This spring, over 5.2 million students across the country “tested the test” that will assess Common Core Standards starting next year. As Jaci King, Director of Higher Education Collaboration at Smarter Balanced Assessment Consortium, explains, “the field test was an opportunity not only in helping us gather the information we needed on how well the test questions were performing, but also an opportunity for schools to do a full practice run of administering an online assessment.”
If this dry run was any indication, the testing next year will require significant administrative preparation from schools, especially for those with less technology in the classroom.
Does Digital Assessment More Accurately Evaluate Student Knowledge?
In 2010, the U.S. Department of Education awarded $330 million to two different consortiums of states in order to develop assessments for the Common Core State Standards. The Smarter Balanced Assessment Consortium (SBAC) serves 21 states. The Partnership for Assessment of Readiness for College and Careers (PARCC) serves 14 states and D.C.
The two assessments have one key difference: SBAC tests are computer adaptive, meaning the technology “customizes assessment to each student,” explains King. At the beginning of the test, all students start with questions of medium difficulty, which “get a little more or less difficult until the test hones in on the student’s knowledge level.” PARCC tests are “fixed,” meaning that all students will get similar questions.
This distinction points out another difference: Computer adaptive testing requires technology. SBAC assessments must be taken on internet-connected technological devices, while PARCC tests can be offered both on devices and on paper.
King sees computer adaptive testing as especially helpful for struggling students. “In fixed testing, you learn a lot about what the struggling student doesn’t know how to do, but not very much about what the struggling student does know how to do.”
But online assessments can test technological savviness in addition to academic concepts. Bill Kendall, Director of Math and Technology at Braintree Public Schools in Massachusetts, saw firsthand how new computerized tools create a challenge for students, particularly those with special needs. “It’s unfair to the kids that during the [math] test, they have to learn how to use this equation editor. That’s an unnecessary burden.” The tech tools were difficult “for our special needs students in particular,” as “highlighting and underlining,” which students did not find intuitive on the computerized exam, “are a crucial part of how they read a text,” Kendall says. “To me, PARCC is putting unnecessary obstacles in front of the students.”
Kendall hopes that PARCC will release more sample tools so that teachers and students can learn how to use them before the official testing starts next year. (As of publication, according to the PARCC website, an Equation Editor Tutorial is “Coming Soon.”) SBAC already offers these tools online “to make sure that students are oriented to all the different kinds of questions and different tools that are embedded in the software,” explains King.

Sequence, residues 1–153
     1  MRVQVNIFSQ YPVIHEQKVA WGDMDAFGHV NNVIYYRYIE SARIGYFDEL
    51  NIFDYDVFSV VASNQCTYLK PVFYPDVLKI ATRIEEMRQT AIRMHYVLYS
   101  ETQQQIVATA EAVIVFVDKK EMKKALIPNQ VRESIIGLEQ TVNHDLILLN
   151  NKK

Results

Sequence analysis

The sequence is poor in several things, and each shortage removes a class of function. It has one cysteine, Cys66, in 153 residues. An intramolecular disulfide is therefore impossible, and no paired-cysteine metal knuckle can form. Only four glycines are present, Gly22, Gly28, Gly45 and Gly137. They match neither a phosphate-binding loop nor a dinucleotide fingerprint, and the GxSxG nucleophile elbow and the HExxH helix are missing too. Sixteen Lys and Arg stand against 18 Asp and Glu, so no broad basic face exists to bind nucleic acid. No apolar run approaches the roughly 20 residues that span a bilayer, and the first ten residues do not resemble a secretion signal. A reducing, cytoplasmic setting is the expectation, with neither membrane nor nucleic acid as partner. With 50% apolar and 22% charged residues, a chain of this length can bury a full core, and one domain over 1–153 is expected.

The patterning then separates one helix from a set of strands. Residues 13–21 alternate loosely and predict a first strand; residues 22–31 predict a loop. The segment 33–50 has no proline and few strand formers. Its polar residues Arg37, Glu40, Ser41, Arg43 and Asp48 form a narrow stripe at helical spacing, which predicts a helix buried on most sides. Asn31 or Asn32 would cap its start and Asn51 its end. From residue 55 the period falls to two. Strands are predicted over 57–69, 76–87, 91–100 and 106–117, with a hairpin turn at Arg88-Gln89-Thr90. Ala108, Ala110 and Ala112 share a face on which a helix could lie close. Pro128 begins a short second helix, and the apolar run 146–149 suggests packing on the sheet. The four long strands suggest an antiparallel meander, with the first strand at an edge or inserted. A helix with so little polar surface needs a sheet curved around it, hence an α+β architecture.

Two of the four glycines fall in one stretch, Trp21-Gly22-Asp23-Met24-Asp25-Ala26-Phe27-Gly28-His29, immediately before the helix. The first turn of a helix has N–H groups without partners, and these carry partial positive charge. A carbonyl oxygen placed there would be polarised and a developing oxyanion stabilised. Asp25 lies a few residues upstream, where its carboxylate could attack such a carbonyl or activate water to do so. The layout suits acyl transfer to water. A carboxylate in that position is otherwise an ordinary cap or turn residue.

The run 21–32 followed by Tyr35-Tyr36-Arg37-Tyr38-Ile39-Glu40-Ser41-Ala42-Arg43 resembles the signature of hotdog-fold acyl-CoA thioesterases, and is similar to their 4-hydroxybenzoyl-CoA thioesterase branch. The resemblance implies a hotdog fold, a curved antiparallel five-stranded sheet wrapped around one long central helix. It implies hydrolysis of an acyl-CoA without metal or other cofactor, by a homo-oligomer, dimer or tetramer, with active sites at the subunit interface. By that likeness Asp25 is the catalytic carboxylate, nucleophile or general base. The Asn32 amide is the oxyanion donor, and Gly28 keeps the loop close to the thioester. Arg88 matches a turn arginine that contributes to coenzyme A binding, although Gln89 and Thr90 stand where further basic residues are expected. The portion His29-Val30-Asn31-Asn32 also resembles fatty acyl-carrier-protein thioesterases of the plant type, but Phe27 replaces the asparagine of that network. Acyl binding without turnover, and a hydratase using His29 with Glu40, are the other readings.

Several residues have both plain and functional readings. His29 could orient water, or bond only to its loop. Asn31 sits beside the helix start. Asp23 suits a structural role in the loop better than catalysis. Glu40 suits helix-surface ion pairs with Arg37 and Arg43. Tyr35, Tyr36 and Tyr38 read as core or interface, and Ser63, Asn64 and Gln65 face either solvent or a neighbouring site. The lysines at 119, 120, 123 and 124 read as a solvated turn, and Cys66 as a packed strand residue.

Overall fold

But online tutorials may not be sufficient. Mike Teng is Director of Instructional Technology at Rocketship Education, a network of public elementary charter schools which primarily serves low-income students and is considered by many a pioneer of integrating technology into the classroom. Teng found the interface and tools on the SBAC tests “really confusing.” As he explains, “when you have to input a fraction, like 4 ⅗, it’s next to impossible to use these input mechanisms. It’s really difficult for myself, let alone a 10-year-old who has never used anything like that before.” The online tools and sample tests that King lauds weren’t sufficient for Teng: “I had been through all of them, for 3rd, for 4th, for 5th, for math and for ELA, and I still had not seen the breadth of manipulatives that I actually saw during the field tests.”
Should Wireless Connectivity Be the Highest Priority?
Small challenges aside, Teng acknowledges that Rocketship is better prepared for these tests than others. Rocketship has approximately one device for every three students, who are already taking computer adaptive assessments through MAP (Measures of Academic Progress). As Teng sees it, “MAP offers a kind of mini training tool,” familiarizing students with “how to highlight certain words, or the buttons for the speaker icon.” With this kind of preparation, the tests “probably went a little bit more smoothly for us than for schools that haven’t done similar testing administration,” says Teng.